When I was four years old my father was a jumbie. I was the only one who knew. Mama said he was dead. That’s what she said that day when he walked out of our house. They were fighting, as they always did, and she chased him out the door and into the yard. She saw me when she came back in, sitting on the floor with my knees tucked under my chin.
“Your father dead. You hear?” Mama’s nose flared. I looked at the closing door and she said it again, “He dead!”
Gramma had told me stories about jumbies—people who had died but could walk about in the night. They lived in dark shadows and all the bad scary places. But my jumbie daddy was different. He could walk about in the daytime. I would see him standing by the shop on weekday mornings, waiting for me and then walking behind me all the way to school. Gramma said we mustn’t talk to jumbies, so I pretended not to hear him when he called my name. He would watch me playing in the schoolyard, and I would pretend he was not there.
If you don’t want jumbies to follow you into your home, make sure to enter your house walking backward. That’s what Gramma said, so that’s what I did. Some nights, when Mama was at work, we would see shadows behind the fence and hear noises in the yard. Gramma, her mouth in a line, would march outside waving her broomstick and pick up the pebbles wrapped in dollar bills and pelt them back over the fence.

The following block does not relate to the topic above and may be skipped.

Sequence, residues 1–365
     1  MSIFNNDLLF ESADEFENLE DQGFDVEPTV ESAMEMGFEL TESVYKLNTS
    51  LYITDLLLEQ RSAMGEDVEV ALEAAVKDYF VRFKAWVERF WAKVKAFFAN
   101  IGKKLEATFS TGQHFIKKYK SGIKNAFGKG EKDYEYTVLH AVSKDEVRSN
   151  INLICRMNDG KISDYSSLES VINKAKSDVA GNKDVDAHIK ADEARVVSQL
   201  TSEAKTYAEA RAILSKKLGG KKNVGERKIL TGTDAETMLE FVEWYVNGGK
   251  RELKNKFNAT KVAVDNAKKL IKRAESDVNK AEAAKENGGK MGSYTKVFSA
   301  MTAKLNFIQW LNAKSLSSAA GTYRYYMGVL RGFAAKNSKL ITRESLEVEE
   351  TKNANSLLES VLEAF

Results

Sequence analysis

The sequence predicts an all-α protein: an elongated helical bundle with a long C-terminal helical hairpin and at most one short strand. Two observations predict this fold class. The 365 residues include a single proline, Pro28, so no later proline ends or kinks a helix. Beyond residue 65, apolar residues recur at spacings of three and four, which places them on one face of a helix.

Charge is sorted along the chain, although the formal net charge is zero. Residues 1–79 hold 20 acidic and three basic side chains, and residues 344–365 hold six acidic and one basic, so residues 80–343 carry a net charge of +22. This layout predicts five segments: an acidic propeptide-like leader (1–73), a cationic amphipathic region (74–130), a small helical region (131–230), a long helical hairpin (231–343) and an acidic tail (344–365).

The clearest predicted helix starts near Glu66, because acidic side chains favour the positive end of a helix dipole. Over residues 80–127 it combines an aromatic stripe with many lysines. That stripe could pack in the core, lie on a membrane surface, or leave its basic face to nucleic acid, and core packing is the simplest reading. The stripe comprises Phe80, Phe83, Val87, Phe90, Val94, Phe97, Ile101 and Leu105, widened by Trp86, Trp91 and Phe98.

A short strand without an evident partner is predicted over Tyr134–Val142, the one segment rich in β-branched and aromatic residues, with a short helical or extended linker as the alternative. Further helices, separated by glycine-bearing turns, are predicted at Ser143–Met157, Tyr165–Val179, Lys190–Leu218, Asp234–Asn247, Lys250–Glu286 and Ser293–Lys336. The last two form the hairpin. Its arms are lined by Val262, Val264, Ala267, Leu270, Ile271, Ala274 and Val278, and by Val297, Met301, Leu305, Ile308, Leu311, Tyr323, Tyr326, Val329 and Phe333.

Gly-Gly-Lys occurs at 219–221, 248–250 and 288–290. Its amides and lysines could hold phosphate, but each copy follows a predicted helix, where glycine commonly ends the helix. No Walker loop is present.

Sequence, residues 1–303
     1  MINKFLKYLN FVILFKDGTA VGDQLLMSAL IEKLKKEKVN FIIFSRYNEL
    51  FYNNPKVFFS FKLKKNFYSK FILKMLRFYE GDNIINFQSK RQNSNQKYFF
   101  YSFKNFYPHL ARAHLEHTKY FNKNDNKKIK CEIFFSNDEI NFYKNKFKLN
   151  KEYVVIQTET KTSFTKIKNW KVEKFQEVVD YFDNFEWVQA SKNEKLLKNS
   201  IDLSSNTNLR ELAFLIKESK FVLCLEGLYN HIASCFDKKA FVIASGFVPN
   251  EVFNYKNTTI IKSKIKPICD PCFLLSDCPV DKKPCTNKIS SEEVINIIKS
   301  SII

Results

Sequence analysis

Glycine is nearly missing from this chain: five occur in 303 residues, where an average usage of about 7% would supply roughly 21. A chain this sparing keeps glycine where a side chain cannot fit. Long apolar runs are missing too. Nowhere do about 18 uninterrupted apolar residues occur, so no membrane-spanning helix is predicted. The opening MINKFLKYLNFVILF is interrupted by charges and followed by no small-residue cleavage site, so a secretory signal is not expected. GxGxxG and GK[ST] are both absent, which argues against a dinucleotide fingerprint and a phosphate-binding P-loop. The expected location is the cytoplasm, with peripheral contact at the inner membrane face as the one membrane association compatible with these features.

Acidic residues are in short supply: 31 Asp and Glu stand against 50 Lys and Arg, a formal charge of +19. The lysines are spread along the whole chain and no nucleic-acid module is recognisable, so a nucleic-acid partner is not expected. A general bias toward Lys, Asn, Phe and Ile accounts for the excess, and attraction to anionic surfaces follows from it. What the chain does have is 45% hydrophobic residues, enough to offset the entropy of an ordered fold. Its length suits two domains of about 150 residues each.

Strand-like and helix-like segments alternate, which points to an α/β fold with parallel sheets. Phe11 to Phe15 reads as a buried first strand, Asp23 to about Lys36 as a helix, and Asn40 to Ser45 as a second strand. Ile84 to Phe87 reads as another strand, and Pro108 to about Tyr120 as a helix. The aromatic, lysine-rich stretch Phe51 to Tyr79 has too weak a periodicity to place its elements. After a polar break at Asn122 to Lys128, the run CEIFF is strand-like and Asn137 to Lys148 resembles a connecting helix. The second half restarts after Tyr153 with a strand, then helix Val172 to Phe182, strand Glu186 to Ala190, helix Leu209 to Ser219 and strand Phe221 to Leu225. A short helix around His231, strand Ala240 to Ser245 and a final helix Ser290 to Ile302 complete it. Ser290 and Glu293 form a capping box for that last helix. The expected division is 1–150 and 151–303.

“We don’t want your money!” she would shout to the darkness. But I knew my jumbie daddy was out there.
When I was eleven, Daddy stopped being a jumbie. Other people said they could see him. They said he was cracked. Mama still didn’t talk about him. Gramma said he would die soon. I knew, when he died again, he wouldn’t become a jumbie this time.
Neala Bhagwansingh writes to understand the nature of light and shadow in her surroundings, in herself, and in others. Her poetry, fiction, and essays have appeared or are forthcoming in the online and print publications Upful Journal, the Boca, Maco People Magazine, the New Local, and Elephant Journal.